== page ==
Dear friends, Let us love one another, for love comes from God. Everyone who loves has been born of God. Whoever does not love does not know God, because God is love. This is how God showed his love among us: He sent his one and only Son into the world that we might live through him. This is love: not that we loved God, but that he loved us and sent his Son as an atoning sacrifice for our sins. … God is love. Whoever lives in love lives in God, and God in him.1
More than anything, Christmas is an amazing love story. It is a universal story for all people of all time. American psychiatrist, William Glasser, suggests that our human need for love and belonging is one of the deepest of all needs and underlies our well-being as individuals, families, and society.2 Our need to love and to be loved transcends all the differences of race, culture, generation, ideology, and religion. From the beginning of our lives we are dependent on the love of other people, and the quality of their love for us significantly shapes our emotional, social, and even physical health.
During my early years working with delinquent youths I noticed a clear link between their behavior and the “state of love” in the families or homes they came from. Kids growing up in homes characterized by conflict, or where parental love was either manipulative or capricious, inevitably “acted out” their insecurity and hunger for love in attention getting behavior or escapism. I very quickly realized that the key to helping these kids did not simply lie in discipline and reward or other behavior modification strategies, but in a meaningful, dependable, and safe personal relationship with someone who would love them unconditionally.
To be loved unconditionally is probably the most powerful thing in our personal experience. For when someone’s love for us neither fades nor falters as a function of our own mood swings and delinquencies, or our attitudes and inclinations, we are inevitably drawn and compelled to respond to them.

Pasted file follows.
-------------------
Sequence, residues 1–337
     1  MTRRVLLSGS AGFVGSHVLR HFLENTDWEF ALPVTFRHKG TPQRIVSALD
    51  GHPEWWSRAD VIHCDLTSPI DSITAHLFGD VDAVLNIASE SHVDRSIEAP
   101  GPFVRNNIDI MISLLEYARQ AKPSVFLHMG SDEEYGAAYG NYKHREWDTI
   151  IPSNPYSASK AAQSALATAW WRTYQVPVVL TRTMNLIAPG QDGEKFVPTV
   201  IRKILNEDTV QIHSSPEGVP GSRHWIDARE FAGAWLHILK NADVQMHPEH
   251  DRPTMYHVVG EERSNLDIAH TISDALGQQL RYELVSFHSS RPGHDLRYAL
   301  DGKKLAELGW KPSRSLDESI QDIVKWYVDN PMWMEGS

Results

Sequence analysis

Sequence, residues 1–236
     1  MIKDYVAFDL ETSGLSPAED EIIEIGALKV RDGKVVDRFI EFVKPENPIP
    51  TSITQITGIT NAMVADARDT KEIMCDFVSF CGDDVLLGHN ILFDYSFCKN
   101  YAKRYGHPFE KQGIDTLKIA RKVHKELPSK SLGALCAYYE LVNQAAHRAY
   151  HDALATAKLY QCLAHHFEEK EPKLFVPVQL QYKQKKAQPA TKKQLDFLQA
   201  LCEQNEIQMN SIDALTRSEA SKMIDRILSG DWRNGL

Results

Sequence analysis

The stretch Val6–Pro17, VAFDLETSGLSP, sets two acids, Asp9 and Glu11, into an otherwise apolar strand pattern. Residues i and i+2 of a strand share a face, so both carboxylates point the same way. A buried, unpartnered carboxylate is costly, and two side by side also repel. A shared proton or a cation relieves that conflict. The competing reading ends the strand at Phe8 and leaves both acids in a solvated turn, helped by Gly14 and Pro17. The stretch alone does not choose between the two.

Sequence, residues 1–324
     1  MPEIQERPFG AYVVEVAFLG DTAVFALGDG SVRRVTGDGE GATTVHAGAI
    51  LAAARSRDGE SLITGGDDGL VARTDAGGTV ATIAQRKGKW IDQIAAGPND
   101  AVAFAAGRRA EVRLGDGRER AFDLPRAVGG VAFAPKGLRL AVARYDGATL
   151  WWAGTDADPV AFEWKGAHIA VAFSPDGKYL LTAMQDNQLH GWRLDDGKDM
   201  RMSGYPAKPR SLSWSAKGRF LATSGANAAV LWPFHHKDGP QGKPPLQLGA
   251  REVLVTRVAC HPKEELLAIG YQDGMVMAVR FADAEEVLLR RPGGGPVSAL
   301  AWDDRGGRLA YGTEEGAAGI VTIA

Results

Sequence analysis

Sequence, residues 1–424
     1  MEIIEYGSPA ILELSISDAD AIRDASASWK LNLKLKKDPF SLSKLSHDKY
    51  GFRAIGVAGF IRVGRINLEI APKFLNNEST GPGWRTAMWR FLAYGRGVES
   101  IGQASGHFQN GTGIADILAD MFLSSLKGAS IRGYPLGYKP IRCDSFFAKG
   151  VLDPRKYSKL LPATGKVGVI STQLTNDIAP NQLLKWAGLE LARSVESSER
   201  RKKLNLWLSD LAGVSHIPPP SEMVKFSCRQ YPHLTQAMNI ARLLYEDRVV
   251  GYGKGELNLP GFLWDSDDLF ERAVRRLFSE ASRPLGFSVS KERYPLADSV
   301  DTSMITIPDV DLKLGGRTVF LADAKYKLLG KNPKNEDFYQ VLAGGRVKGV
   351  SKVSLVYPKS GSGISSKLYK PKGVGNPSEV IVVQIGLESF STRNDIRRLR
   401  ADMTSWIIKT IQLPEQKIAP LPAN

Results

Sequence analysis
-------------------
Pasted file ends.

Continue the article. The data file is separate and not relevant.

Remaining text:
The Christmas story is about that kind of love – God who unconditionally loves humanity without consideration for our checkered history of self-indulgence, delinquency, rebellion, and escapism – giving himself without reservation to the human family by becoming the “Son of Man.” Nothing is spared as God comes – unconditionally loving us in spite of and in the midst of our delinquent and disfigured human appetites to love and to be loved. God knows how much we as humans are forever acting out – looking for love in all the wrong places and escaping into indulgences of the mind and body that dull our deepest need. And still he loves us totally.
This Advent I find myself being drawn into, completely won over once again, by the amazing story of God’s unconditional love for me; a compelling and open story of Jesus, friend of sinners, a vulnerable baby in a shepherd’s crib – “The Son of Man” – one of us!
The love of God is greater far
Than tongue or pen can ever tell;
It goes beyond the highest star,
And reaches to the lowest hell;
The guilty pair, bowed down with care,
God gave His Son to win;
His erring child He reconciled,
And pardoned from his sin.
O love of God, how rich and pure!
How measureless and strong!
It shall forevermore endure
The saints’ and angels’ song.
Could we with ink the ocean fill,
And were the skies of parchment made,
Were every stalk on earth a quill,
And every man a scribe by trade,
To write the love of God above,
Would drain the ocean dry.
Nor could the scroll contain the whole,
Though stretched from sky to sky.3
Ron W. Nikkel is the president and CEO of Prison Fellowship International (PFI). For more information, visit the PFI website.